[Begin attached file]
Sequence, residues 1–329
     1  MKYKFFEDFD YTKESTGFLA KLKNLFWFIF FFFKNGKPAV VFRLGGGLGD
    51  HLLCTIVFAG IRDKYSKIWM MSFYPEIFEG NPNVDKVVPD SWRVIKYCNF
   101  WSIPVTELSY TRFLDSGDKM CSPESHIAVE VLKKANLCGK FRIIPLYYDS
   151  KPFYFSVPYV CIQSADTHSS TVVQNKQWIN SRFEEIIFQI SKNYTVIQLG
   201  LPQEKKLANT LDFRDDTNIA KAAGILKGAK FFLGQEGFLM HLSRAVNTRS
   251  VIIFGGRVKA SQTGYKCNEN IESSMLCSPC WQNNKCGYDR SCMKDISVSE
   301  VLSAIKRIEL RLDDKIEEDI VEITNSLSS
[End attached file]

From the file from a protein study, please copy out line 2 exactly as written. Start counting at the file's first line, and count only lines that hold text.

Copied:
     1  MKYKFFEDFD YTKESTGFLA KLKNLFWFIF FFFKNGKPAV VFRLGGGLGD